Is It Time To Replace The American Dream?
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The following is an adapted excerpt from Jeremy Rifkin's new book, ' The Empathic Civilization: The Race to Global Consciousness in a World in Crisis' (Tarcher/Penguin; January 2010).
For two hundred years the American Dream has served as the bedrock foundation of the American way of life. The dream, reduced to its essence, is that in America, every person has the right and opportunity to pursue his or her own individual material self interest in the marketplace, and make something of their life, or at least sacrifice so the next generation might enjoy a better life. The role of the government, in turn, is to guarantee individual freedom, assure the proper functioning of the market, protect property rights, and look out for national security. In all other matters, the government is expected to step aside so that a nation of free men and woman can pursue their individual ambitions.
Although American history is peppered with lamentations about the souring of the dream, the criticism never extends to the assumptions that underlie the dream, but only to political, economic and social forces that thwart its realization. To suggest that the dream itself is misguided, outdated, and even damaging to the American psyche, would be considered almost treasonous. Yet, I would like to suggest just that.
The American Dream was spawned in the afterglow of the Enlightenment more than two centuries ago, at the dawn of the modern market economy and nation-state era. Enlightenment philosophers painted a new picture of human nature more in line with the new market forces that were promising a qualitative uplift in the standard of living of human beings. For 1500 years, during the feudal and medieval periods, the Church's dark view of human nature prevailed. Christian theologians exclaimed that babies are born depraved and in sin, and that personal salvation must await them in the next world with Christ. The Enlightenment philosophers views were a breath of fresh air, promising that market forces, if left unhindered by government, would guarantee every person the opportunity to improve his or her station in life. John Locke, Adam Smith, René Descartes, Marquis de Condorcet and other Enlightenment sages were of the belief that human beings were, by nature, materialistic, self-interested, and driven by the biological urge to be propertied, autonomous, independent and self-sufficient, and sovereign over their own domain.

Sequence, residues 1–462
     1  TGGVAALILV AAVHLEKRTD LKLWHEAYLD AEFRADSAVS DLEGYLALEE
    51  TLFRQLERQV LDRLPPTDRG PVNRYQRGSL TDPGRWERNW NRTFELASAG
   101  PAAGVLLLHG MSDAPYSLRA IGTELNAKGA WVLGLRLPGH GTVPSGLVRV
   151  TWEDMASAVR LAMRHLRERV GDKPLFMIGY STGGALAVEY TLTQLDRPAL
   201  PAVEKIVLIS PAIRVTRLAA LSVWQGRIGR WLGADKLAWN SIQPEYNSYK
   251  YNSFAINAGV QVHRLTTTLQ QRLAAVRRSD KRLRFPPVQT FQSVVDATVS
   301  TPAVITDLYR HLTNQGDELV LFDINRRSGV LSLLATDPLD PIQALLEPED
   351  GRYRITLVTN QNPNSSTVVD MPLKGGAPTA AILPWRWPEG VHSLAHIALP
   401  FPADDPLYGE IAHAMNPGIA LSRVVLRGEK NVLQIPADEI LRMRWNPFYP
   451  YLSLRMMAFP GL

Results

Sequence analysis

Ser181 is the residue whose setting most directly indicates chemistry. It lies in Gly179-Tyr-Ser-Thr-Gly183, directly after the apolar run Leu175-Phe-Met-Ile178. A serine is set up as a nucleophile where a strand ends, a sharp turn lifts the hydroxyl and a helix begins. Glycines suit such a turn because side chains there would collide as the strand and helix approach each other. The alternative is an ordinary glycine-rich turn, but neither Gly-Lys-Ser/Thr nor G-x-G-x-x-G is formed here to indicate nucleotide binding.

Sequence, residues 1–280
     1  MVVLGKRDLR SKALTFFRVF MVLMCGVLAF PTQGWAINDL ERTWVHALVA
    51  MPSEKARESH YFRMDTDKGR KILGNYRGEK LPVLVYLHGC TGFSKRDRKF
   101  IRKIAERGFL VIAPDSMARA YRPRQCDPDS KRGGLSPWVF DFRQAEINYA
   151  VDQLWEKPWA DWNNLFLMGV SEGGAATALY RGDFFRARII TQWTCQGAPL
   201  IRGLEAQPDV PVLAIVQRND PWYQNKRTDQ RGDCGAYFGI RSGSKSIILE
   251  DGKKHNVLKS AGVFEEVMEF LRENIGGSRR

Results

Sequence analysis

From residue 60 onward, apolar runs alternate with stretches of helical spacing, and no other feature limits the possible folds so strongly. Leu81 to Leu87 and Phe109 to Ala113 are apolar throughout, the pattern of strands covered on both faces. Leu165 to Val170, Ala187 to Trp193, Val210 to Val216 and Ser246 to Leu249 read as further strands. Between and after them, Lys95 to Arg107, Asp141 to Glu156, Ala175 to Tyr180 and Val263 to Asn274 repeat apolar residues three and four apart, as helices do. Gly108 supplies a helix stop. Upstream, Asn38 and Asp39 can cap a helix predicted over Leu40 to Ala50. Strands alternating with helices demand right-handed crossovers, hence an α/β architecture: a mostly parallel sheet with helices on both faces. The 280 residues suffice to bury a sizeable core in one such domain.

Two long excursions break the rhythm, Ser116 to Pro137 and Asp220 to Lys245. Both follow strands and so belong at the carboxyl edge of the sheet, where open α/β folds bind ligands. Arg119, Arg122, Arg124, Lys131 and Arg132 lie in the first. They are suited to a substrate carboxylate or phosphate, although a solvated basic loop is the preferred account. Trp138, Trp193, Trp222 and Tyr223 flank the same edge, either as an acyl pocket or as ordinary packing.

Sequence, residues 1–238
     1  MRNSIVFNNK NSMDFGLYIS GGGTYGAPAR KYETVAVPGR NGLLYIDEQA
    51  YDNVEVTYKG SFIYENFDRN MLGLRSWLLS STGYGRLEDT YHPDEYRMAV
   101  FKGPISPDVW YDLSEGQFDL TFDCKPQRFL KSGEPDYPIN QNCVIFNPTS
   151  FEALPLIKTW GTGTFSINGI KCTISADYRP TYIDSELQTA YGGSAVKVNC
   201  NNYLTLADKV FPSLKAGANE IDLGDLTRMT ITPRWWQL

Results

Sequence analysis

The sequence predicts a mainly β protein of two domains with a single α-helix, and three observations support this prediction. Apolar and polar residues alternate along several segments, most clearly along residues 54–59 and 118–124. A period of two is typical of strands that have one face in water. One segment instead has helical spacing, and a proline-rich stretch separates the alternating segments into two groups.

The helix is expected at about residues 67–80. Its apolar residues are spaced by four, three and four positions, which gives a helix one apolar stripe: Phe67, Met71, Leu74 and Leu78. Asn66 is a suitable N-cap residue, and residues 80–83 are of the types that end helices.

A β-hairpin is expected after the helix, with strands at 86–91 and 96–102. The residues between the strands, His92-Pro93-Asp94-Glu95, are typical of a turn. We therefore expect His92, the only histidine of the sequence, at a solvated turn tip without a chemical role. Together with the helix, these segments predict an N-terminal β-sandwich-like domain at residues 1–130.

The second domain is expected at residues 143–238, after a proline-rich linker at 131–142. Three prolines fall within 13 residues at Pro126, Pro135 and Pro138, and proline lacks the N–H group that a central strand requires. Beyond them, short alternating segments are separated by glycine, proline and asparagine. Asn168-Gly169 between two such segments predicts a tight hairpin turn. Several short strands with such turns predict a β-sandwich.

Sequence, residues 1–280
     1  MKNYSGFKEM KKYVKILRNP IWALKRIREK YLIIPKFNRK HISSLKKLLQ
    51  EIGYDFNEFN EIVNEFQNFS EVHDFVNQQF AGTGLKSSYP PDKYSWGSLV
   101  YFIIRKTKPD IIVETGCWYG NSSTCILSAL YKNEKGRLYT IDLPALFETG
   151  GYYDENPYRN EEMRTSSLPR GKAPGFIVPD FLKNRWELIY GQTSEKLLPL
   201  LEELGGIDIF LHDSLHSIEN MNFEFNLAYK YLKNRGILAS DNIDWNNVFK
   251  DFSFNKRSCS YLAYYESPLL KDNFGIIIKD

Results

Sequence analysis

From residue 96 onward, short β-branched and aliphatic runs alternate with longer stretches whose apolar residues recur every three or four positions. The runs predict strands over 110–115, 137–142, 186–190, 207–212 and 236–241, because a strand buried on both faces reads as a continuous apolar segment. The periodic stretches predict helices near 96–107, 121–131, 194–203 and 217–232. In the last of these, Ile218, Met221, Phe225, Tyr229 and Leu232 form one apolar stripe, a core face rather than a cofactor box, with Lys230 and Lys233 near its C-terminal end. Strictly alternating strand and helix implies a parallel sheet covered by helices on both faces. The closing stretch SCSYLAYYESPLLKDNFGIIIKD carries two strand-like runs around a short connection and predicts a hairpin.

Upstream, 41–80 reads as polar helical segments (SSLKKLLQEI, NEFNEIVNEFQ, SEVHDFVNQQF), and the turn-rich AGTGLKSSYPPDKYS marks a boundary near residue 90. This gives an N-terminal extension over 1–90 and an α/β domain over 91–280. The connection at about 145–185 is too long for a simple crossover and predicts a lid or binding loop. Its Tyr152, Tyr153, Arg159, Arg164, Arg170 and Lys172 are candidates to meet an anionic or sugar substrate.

Today, that dream is still fiercely championed by libertarian ideologues and tea party populists. Their increasingly shrill defense of the American Dream, however, seems almost panic stricken in tone, suggesting a desperate effort to hold on to a belief that may, in fact, be passing away.
How else do we account for the fact that the public discourse is becoming so ugly of late? The populist backlash against big government represents more than just a clash over legislative priorities. The opposition to a government stimulus to jumpstart an ailing economy, the reluctance to adopt universal health care, and the growing denial of human induced climate change speak to a deeper sense of apprehension and foreboding. Granted, there are legitimate concerns one might raise to each of these public policy issues. My sense however, is that there is something more profound taking place under the surface, a feeling, particularly among an older generation of Americans, that the American Dream is in jeopardy and, with it, our way of life.